Often, work on developing resilience to disasters and the global climate occurs when disasters – such as hurricanes, earthquakes or tsunamis – have devastated entire cities and torn communities apart. But Elizabeth Petheo, MBA ’14, says that lately her work has focused on preparation.
Petheo, principal at Miyamoto International, a disaster risk reduction and engineering consulting firm, explains that it’s hard to draw attention to preparation efforts. “You can always get a lot of attention when there is a disaster event, but by that point it is too late,” she added.
Petheo leads corporate projects and partnerships in the Asia-Pacific region and advises globally on international development and humanitarian assistance. She also works on preparedness for the Asia-Pacific region with the US Agency for International Development.
“We are programming private sector participation in disaster risk management in Indonesia, a very disaster prone country,” she said. “Small and medium enterprises make an important contribution to job creation and economic development. When they do go down, the impact on the lives, livelihoods, and capacity of communities to effectively respond and recover is enormous. We work to increase their own understanding of their risk and that of the surrounding community, leading them through the process of planning an action to build resilience, and linking that to larger policy initiatives at the national level. “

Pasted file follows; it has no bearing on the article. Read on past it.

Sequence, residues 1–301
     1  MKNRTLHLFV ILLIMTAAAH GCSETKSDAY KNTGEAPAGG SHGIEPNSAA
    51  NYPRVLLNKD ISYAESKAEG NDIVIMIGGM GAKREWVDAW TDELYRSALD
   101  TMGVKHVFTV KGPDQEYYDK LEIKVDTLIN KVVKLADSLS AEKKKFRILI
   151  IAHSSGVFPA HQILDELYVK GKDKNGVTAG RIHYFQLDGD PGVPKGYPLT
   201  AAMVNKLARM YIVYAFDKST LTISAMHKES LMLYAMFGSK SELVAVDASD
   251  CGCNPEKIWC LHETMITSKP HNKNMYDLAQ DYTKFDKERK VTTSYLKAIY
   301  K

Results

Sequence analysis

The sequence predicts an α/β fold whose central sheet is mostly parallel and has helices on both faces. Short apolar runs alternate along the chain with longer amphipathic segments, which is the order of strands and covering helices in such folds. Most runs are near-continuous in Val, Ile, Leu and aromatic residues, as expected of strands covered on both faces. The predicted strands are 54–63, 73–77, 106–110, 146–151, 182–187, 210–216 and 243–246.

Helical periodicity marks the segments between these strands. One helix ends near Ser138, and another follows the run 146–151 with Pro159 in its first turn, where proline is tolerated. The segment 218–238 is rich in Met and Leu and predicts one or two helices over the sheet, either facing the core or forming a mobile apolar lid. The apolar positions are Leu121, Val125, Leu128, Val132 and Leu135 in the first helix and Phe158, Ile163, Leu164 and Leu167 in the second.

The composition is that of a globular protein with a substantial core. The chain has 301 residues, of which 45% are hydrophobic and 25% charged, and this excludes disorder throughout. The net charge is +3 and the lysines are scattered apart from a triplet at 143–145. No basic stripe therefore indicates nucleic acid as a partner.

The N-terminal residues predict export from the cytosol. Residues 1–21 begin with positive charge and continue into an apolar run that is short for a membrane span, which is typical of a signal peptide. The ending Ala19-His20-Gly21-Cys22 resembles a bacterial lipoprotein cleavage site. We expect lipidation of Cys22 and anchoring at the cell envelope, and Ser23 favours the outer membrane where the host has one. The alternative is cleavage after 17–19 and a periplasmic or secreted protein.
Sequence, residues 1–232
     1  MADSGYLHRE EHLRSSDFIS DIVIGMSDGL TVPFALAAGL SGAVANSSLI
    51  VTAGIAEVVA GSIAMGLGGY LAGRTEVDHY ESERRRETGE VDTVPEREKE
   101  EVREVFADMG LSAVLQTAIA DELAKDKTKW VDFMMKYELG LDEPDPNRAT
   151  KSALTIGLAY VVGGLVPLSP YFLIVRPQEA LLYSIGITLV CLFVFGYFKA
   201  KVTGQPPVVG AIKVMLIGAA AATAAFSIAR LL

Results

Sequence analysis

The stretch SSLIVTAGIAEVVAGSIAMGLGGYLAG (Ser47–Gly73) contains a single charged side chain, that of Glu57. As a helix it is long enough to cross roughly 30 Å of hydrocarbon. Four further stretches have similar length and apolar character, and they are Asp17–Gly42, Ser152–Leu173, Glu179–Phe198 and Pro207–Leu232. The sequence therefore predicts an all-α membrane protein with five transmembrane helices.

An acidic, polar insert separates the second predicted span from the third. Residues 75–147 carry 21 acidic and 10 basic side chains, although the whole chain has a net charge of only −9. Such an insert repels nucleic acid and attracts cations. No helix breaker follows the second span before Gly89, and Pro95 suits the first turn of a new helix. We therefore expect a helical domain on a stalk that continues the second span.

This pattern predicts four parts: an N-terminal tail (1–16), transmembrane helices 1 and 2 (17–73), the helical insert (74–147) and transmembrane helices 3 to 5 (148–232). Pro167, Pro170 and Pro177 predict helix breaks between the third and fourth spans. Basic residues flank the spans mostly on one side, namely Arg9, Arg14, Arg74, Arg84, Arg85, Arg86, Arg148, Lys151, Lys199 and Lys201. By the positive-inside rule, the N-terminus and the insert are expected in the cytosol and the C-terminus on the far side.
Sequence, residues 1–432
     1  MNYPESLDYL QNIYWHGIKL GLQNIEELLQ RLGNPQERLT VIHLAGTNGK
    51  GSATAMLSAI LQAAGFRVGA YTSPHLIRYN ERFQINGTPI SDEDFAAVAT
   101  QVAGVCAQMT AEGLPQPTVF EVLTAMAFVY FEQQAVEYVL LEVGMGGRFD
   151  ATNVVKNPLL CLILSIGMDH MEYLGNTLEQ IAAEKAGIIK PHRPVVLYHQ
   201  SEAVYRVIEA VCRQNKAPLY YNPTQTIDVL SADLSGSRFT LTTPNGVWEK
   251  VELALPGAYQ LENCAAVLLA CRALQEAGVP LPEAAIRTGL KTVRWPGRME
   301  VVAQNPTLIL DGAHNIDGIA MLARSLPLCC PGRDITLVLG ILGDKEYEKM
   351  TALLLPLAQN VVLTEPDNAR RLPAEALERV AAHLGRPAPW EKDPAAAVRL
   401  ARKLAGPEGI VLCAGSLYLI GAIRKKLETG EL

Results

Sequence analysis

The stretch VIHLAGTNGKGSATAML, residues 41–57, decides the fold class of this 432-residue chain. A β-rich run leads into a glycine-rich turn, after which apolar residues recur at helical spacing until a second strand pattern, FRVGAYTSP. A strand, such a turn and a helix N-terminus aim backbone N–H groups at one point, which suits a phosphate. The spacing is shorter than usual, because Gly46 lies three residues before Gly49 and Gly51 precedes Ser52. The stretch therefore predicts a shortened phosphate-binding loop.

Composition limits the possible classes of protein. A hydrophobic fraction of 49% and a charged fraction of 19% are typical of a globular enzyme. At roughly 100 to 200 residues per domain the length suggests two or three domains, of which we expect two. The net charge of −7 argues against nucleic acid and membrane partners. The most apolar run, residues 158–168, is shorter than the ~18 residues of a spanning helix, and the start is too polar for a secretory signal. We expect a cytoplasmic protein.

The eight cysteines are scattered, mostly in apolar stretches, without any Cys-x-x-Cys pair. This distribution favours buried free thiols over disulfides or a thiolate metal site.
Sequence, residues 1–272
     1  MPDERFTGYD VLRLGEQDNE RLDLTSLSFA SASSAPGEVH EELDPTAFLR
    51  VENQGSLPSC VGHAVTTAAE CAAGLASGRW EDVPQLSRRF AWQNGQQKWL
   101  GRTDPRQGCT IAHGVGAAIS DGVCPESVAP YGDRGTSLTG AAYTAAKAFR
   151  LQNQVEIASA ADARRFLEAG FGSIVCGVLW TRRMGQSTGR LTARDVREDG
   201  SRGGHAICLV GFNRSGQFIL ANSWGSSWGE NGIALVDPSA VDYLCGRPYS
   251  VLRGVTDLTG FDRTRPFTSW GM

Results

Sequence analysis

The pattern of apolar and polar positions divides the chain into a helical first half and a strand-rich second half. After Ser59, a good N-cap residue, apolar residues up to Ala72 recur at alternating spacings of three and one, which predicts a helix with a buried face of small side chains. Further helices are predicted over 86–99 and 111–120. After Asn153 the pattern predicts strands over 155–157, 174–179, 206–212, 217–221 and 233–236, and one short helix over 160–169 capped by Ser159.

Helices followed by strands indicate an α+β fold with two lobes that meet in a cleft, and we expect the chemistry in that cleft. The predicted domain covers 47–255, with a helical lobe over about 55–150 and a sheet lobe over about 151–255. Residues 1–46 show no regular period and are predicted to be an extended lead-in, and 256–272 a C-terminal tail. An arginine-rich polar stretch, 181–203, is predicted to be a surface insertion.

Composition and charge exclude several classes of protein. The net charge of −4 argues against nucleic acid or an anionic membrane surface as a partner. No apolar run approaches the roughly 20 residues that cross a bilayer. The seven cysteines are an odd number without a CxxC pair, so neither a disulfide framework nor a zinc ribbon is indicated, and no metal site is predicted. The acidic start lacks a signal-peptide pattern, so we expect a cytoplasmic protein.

Petheo comes to MIT with international leadership experience, having managed senior global development and risk reduction initiatives at the World Bank in Washington, DC, as well as with US government agencies. States and international organizations lead major global humanitarian groups and responses in Sri Lanka and Haiti. But she says her time at Sloan has helped prepare her for the next phase of her career. “Sloan is the experience of bringing all the pieces together,” she said.
Petheo has maintained a close relationship with MIT. In 2018, she received the Margaret LA MacVicar ’65, ScD ’67 Award, in recognition of her role in starting and leading the MIT Sloan Club in Washington, DC, and her work as was the first member of the Graduate Alumni Council (GAC). She is also a member of the Friends of the MIT Priscilla King Gray Public Service Center.
“I believe deeply in the power and impact of the Institute’s work and people,” she said. “By the time I graduated, my thought process was, ‘How can I give back, and how can I continue to reinforce the experiences of those who will come after me?’